"Skeeters!" shouted the bad boy at tho
foot of the class.—Texas Sittings.
Galileo Was Dead.
A very dull man, by some chance, sat
down to a dinner given by a circle of aa
tronomers. When the wine began to flow
he arose and proposed the health of Gali
leo. A friend pulled his coat sleeve and
whispered that he was dead. "Gentle
men," said the dull man, with moistened
e^cs and a tremor in his voice, "my friend
has just conveyed to me the startling
intelligonce that Galileo is dead. I move
that resolutions of respect be drawn up
and passed by this body, and a copy of
them, together with a letter of condolence,
lie sent to the stricken widow."—Goodall'i
Sun.
Disgraced Herself Shamefully*
In tlie club window.
"Pretty girl, that."
"Yaas."
"She looked at you as if she knew you."
"Yaas."
"Does she?"
"Well, the fact is, my bqy, she's my sis
taw. But she mawied a fellaw that wunsu
staw, aw something of thatsawt, and tliey
live in a bawding-liouse, so I cawnt affuwd
to wecognize haw in public. But I al
ways send haw my cawd at New Yeah's.
Paw girl! She has been foolish watliaw
than cwiininal, don't chew know."—Town
Topics.
A Natural Conclusion.
Cora (reading)—Here's a etory of a dog
that knew when it was time to bring the
tfheep home by looking at the clock. What
kind of a dog do you think it was?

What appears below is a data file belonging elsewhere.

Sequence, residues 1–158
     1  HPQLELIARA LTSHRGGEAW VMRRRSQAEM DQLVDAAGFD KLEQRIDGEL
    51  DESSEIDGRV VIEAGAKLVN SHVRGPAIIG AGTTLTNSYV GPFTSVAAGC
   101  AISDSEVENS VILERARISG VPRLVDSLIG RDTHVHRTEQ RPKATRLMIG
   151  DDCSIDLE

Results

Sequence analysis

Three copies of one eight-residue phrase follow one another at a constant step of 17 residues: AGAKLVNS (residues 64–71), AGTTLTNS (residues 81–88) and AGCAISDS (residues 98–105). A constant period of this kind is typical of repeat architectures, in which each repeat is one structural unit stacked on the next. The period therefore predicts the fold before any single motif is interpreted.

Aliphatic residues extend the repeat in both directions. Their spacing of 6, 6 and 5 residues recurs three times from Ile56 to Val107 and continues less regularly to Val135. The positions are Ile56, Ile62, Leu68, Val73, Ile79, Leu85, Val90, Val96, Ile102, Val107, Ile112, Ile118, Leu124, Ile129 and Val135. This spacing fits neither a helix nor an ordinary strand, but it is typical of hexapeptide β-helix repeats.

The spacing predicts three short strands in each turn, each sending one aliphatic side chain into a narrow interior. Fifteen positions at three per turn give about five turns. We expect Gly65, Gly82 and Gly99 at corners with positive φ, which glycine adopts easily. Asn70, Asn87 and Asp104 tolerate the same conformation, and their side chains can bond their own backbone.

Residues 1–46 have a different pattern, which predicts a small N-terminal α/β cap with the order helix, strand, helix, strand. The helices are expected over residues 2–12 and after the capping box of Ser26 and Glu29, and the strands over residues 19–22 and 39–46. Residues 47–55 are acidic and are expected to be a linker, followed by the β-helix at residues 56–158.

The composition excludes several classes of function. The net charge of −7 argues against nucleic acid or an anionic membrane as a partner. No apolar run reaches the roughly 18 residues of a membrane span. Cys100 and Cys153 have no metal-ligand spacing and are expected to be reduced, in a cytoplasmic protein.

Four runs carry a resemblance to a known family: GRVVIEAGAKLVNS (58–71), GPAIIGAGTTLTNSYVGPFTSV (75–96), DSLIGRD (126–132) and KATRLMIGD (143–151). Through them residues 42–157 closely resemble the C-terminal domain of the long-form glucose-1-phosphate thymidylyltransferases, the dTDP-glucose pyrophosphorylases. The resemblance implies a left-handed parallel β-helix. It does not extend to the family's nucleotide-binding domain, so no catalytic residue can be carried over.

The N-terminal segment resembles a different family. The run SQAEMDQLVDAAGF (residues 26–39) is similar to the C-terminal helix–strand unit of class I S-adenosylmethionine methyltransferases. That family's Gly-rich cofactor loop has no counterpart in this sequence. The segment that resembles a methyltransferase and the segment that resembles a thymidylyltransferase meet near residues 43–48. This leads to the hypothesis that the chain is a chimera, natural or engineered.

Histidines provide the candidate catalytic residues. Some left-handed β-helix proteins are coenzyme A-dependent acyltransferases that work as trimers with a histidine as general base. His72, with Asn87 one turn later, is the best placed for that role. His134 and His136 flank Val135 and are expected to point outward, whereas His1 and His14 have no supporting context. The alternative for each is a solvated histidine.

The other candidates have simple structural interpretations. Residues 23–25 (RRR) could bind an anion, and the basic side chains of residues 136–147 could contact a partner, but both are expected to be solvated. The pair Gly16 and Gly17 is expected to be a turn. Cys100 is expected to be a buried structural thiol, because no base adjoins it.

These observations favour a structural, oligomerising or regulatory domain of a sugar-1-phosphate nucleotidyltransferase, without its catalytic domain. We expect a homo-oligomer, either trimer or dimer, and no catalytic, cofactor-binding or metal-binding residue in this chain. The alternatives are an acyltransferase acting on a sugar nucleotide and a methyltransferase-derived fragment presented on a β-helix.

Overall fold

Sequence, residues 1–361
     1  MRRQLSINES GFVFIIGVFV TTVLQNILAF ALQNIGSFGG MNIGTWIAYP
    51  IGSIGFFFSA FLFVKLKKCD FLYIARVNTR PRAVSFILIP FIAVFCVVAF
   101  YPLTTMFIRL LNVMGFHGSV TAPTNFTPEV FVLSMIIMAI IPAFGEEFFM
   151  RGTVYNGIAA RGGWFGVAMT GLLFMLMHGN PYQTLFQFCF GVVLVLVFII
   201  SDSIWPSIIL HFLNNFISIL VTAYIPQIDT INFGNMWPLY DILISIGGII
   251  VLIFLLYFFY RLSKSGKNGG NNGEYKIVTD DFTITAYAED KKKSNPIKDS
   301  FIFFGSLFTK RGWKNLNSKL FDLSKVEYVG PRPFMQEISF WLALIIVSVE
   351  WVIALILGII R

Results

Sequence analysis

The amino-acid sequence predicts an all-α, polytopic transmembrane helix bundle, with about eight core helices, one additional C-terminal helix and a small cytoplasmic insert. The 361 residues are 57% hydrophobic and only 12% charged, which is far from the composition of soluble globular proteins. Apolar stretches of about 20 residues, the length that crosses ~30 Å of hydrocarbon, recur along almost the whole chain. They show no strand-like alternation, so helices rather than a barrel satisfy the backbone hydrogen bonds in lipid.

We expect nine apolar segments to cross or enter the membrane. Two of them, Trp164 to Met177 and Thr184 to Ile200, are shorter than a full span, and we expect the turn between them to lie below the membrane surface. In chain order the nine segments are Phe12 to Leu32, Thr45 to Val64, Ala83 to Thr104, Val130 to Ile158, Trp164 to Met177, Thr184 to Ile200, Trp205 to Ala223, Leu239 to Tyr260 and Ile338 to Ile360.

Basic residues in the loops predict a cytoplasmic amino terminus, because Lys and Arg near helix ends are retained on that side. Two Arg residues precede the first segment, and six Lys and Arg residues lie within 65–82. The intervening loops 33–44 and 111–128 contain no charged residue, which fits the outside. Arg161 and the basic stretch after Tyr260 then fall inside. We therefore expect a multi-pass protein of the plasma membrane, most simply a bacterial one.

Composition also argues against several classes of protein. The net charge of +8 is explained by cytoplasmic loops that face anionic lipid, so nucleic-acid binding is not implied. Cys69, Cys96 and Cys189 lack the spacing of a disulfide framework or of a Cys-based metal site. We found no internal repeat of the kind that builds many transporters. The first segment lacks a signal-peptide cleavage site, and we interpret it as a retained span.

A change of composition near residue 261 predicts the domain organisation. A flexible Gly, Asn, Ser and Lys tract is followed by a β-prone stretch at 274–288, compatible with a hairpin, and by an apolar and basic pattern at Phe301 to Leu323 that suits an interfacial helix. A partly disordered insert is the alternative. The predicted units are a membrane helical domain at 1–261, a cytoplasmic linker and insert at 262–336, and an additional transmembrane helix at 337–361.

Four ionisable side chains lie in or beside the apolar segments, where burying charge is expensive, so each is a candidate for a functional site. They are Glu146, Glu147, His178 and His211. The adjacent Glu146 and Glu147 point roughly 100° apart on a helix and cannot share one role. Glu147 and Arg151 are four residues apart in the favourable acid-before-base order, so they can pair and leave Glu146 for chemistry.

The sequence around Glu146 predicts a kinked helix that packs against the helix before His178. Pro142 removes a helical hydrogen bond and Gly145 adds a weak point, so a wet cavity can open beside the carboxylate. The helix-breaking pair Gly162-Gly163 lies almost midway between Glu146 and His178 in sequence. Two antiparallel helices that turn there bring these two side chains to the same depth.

Merritt (smiling)—A watch -dog, I sup
pose.—Jutlge^
Conversing with Himself.
Schamburg (to Jacobs)—You vas a liai
und a schoundrel. Do you heardot?
Jacobs (to Schamburg)—I hear you al
ready, und I dinks may be you va9 talking
to youroeluf.—Texas Sittiaga.
Remember your horses can not tell
fou of their ills and pains. It is your
duty to watch for them.
Cheap Sponge Cake: Take one cup
cream, one cup sugar, two cups flour,
one tcaspoonful soda no eggs nor but
ter. Any flavoring you like I use nut-
meo—Chicago
Journal.
—It is an easier matter to keep the
8t*blos clean and orderly than it is sup
posed by those who have not tried it.
If you are one of this number begin at
once and see if it is not true.—»2Vov
Times.
—A cow should never be allowed to
skip a milking, as the retention of so
a
HOME AND FARM. GABMOYLE JILTED.
volume ®f milk in the udder
will inflame it and injure the quality of
the milk, and perhaps tlie udder alsb.—
Western Rural.
A Nice Pudding: One cupful of mo
lasses one cupful of boiling water one
tablespoonful of melted butter one tea-
spoonful of soda two teaspoonfuls of
Bpioe four cupfuls of flour some dried
or fresh fruit. Steam two hours. Use
with sauce.—Toledo Blade.
It has beea found by experiment